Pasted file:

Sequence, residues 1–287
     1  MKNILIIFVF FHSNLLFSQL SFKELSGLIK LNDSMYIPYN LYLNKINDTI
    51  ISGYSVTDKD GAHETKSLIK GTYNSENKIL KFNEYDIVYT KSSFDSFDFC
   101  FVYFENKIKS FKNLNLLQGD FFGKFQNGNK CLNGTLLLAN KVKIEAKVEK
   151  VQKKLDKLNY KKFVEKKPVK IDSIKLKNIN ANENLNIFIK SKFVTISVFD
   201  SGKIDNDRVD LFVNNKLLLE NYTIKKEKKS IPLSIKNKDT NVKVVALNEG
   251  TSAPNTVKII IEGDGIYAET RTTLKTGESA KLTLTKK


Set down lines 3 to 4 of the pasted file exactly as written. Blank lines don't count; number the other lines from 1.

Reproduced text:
    51  ISGYSVTDKD GAHETKSLIK GTYNSENKIL KFNEYDIVYT KSSFDSFDFC
   101  FVYFENKIKS FKNLNLLQGD FFGKFQNGNK CLNGTLLLAN KVKIEAKVEK